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VA treats combat stress remotely

Defense Department

Many combat veterans try to handle the invisible but real psychological wounds of war by trying to tuck the memories away in a corner of their brain and never talking about them, an approach that leads to post-traumatic stress for months or years.

Exposure therapy -- gradually reliving those events in a nonthreatening setting with a therapist -- can help the trauma of combat, but it requires easy access to a clinician, something not readily available to many veterans living in rural areas.

For the past three years Peter Tuerk, a psychologist and associate director of the PTSD clinical team at the Charleston, S.C., VA Medical Center has used videoconferencing systems to conduct prolonged exposure therapy sessions with veterans who cannot make it to the hospital for face-to-face counseling. This week he received a VA national award for his pioneering work in recognition of his contributions in an area critical to the rehabilitation and improvement in the quality of life of war-injured veterans.

VA Secretary Eric Shinseki said the department presented Tuerk with its Olin Teague Award, named after the former Texas congressman and World War II veteran, as his work "exemplifies the strides VA is taking in understanding and treating" combat stress.

Tuerk, also an assistant professor of psychiatry and behavioral sciences at Medical University of South Carolina in Charleston, said his remote counseling combines "old-school techniques" with technology to help veterans face their fears and learn that "memories will not hurt them."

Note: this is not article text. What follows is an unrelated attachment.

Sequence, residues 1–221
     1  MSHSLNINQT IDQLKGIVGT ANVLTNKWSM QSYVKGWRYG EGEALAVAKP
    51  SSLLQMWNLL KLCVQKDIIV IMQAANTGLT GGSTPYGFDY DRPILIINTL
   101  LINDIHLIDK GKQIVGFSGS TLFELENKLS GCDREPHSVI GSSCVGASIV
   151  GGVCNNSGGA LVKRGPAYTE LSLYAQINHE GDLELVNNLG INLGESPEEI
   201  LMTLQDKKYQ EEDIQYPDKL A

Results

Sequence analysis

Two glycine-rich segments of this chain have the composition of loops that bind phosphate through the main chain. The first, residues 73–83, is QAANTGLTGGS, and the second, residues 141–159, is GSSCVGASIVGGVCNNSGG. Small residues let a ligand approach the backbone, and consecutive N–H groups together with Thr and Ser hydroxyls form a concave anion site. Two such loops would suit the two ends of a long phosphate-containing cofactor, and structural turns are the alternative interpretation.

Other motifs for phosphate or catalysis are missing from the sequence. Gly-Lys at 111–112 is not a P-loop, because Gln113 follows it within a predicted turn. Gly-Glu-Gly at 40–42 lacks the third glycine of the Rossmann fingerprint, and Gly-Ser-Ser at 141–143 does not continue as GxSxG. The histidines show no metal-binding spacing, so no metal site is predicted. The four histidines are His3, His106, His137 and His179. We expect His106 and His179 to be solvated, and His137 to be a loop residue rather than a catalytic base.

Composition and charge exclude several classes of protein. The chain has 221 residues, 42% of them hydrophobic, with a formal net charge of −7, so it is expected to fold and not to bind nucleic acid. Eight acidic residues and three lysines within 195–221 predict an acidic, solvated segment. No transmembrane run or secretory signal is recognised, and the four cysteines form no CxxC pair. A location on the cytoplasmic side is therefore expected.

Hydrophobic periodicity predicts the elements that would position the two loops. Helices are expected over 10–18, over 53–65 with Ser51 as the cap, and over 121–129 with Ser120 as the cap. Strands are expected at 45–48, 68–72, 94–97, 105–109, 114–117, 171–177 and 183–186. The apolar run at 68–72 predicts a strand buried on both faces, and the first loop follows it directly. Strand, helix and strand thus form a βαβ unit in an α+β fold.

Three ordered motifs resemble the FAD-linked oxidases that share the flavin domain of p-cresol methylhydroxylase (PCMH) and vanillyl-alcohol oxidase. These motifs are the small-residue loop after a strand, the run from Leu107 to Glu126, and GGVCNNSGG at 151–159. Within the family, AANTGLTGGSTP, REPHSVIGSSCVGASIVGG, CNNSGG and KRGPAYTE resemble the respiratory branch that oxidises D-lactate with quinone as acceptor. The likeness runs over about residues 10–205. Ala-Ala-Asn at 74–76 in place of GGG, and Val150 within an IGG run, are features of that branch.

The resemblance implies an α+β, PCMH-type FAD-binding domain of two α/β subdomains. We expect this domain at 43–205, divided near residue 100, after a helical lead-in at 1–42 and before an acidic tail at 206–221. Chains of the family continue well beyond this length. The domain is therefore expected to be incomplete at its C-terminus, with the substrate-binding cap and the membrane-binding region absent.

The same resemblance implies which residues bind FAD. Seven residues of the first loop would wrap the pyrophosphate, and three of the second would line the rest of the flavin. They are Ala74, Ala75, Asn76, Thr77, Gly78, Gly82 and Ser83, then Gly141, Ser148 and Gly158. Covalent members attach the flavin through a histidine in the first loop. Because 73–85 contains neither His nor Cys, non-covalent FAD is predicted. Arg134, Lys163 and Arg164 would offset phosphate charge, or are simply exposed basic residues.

This pioneering effort by VA dovetails with plans by Gen. Peter Chiarelli, the Army vice chief of staff, to use telehealth systems to treat soldiers for combat stress.

Asked if veterans expressed reluctance to tap into their fears and memories over a videoconference, Tuerk said only 1 percent of hundreds of post-traumatic stress patients his clinic treated opted for face-to-face sessions. "The technology fades into the background," as treatment progresses and the patients become comfortable with the technology, at which point "the machine is not a big deal." The technology -- Tuerk uses Tandberg videoconferencing systems -- also is more convenient for rural patients, relieving them of a long drive to weekly sessions.

The combination of exposure therapy and telehealth does work, according to a paper Tuerk published on the remote treatment of a patient in the December 2009 issue of the Journal of Addiction Medicine.

The patient, a 22-year-old Iraq war veteran, experienced multiple combat firefights, witnessed many dead and mutilated bodies, was seriously wounded twice by blasts from improvised bombs, and was diagnosed with traumatic brain injury. On returning home, this veteran, like many others, turned to alcohol to mask his memories, downing 10 or more drinks daily.

The veteran lived 100 miles from the nearest VA facility, but was able to receive remote exposure therapy treatment at a VA community-based outpatient clinic hooked up to the Charleston hospital by a videoconferencing link. The patient received 11 weekly 90-minute exposure therapy sessions, which included an imagined return to combat and the memories it triggered.

After only two sessions, Tuerk said the veteran "reported a dramatic drop in intrusive memories and a lessening of the intensity of distress when awoken by nightmares." After the fifth session, according to Tuerk, the patient said, "It was amazing, it's like I'm better." At the end of the 11th session the patient also had cut back on alcohol consumption.

The South Carolina VA hospital is the first Veterans Affairs hospital in the country to offer remote prolonged exposure therapy, but Tuerk believes his work has national implications. The technology allows VA to get veterans into treatment faster and closer to their homes than traditional in-person therapy sessions, he said, helping to ensure all veterans receive the treatment they need.

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